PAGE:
During those two decades of racial strife [in Mississippi], I watched opponents of integration resort over and over again to criticism of the “methods” and “motivations” of those advocating change rather than dealing with the issue itself—just as so many of the trustees and regents, and the administration itself, had done in my senior year [at the School of Theology]. And, certainly, over and over again, the real issue was evaded by attacking the character and personal behavior of those on the side of integration—just as happened on ‘the Mountain’ in 1952-1953.
The Right Rev. Duncan M. Gray, Jr. (1926-2016), Bishop of Mississippi and Chancellor of the University of the South [i]
The years 1952 and 1953 were some of the most turbulent in the history of the University of the South. At the end of the Easter (spring) term in 1953, all but one of the faculty of the School of Theology, the university’s chaplain, and the head of the Religion Department at the College resigned and left the Mountain because Sewanee’s Board of Trustees, fully supported by its administration, had voted not to admit African American men to its School of Theology. Shortly after the resignations, the Trustees reversed themselves, officially desegregating the School of Theology (although not the undergraduate College of Arts and Sciences). The Trustees’ resolution from June 1953 stated that all applicants for the School of Theology would be considered “regardless of race.” That summer, John M. Moncrief, Jr., a priest in Orangeburg, S.C., became the first African American student at the University of the South when he enrolled in a summer program for clergy at the Graduate School of Theology.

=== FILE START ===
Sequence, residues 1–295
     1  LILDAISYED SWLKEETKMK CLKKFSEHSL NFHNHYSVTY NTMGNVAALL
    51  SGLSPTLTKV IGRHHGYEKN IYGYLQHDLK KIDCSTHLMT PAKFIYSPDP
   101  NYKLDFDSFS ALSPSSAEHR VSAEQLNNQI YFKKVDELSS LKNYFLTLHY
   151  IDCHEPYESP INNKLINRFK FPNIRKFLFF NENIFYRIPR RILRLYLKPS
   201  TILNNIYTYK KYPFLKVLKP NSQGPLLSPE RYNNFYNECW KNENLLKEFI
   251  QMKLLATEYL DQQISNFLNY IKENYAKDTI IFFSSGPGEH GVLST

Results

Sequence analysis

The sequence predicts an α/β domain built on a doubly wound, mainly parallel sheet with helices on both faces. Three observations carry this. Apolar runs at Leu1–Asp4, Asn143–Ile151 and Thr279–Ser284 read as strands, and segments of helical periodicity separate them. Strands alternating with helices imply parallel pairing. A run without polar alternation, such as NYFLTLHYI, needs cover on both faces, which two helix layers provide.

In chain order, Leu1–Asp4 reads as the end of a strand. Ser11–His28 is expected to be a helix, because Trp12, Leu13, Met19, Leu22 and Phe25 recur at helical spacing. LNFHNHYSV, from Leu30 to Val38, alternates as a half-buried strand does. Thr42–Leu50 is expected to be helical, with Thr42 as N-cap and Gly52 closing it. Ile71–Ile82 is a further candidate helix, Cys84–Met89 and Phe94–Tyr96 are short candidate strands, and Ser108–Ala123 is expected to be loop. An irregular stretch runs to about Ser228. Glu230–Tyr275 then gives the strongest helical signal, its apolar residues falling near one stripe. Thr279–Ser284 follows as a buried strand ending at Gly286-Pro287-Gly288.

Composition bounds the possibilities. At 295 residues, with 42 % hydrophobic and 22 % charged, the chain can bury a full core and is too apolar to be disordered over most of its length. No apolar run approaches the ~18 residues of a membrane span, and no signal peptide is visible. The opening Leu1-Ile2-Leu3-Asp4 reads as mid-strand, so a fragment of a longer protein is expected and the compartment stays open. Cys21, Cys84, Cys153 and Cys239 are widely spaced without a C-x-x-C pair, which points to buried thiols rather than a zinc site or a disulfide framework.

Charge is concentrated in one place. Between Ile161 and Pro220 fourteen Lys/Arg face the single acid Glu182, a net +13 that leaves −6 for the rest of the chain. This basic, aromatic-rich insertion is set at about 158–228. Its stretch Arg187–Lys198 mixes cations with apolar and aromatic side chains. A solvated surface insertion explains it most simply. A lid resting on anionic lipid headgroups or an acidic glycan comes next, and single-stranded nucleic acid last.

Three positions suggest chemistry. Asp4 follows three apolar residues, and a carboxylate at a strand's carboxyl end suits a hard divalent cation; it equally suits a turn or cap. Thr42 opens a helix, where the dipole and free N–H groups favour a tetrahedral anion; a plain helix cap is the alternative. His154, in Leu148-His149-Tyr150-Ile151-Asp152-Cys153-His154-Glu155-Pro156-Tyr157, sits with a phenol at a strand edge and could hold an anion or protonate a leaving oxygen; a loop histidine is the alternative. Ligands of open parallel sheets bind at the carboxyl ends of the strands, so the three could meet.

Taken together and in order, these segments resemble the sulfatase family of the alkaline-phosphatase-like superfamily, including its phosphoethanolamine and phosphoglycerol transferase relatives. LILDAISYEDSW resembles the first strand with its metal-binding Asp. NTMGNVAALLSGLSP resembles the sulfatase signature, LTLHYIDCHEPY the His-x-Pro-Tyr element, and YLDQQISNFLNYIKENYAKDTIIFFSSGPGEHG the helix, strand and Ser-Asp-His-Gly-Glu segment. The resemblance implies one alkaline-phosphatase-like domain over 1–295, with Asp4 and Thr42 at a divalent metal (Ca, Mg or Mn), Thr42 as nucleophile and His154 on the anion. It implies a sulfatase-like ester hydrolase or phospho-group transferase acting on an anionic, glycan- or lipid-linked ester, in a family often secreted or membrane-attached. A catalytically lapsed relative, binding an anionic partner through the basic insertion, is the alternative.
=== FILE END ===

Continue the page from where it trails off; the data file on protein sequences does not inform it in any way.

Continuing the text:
Moncrief’s matriculation capped a year of fierce and destructive debate about the identity, vision, and purpose of the University of the South and its Episcopal seminary. But damage already had been done. Over sixty percent of its student body had transferred. [ii] In academic terms, the School of Theology had lost a roster of distinguished and accomplished theologians and now had to rebuild the faculty from the ground up. Off the mountain, newspapers and church publications nationwide had portrayed the university as an institution of the Episcopal church determined to resist challenges to the segregated social order of the South.
Most often writers who focus on this time in Sewanee’s history have described these events as a “crisis” for the university, which it was fortunate to survive. (For examples see former Vice-Chancellor Sam Williamson’s Sesquicentennial History chapter on “The McCrady Years,” or former School of Theology Church History Professor Don Armentrout’s article, “A Documentary History of the Integration Crisis at the School of Theology 1951-53” in the Sewanee Theological Review. [iii])
But my research has shown me that framing the story as a “crisis” tends to privilege the perspectives and priorities of the university’s leaders. It tends to fixate on the administrative “ins and outs” of managing the conflict and protecting institutional interests.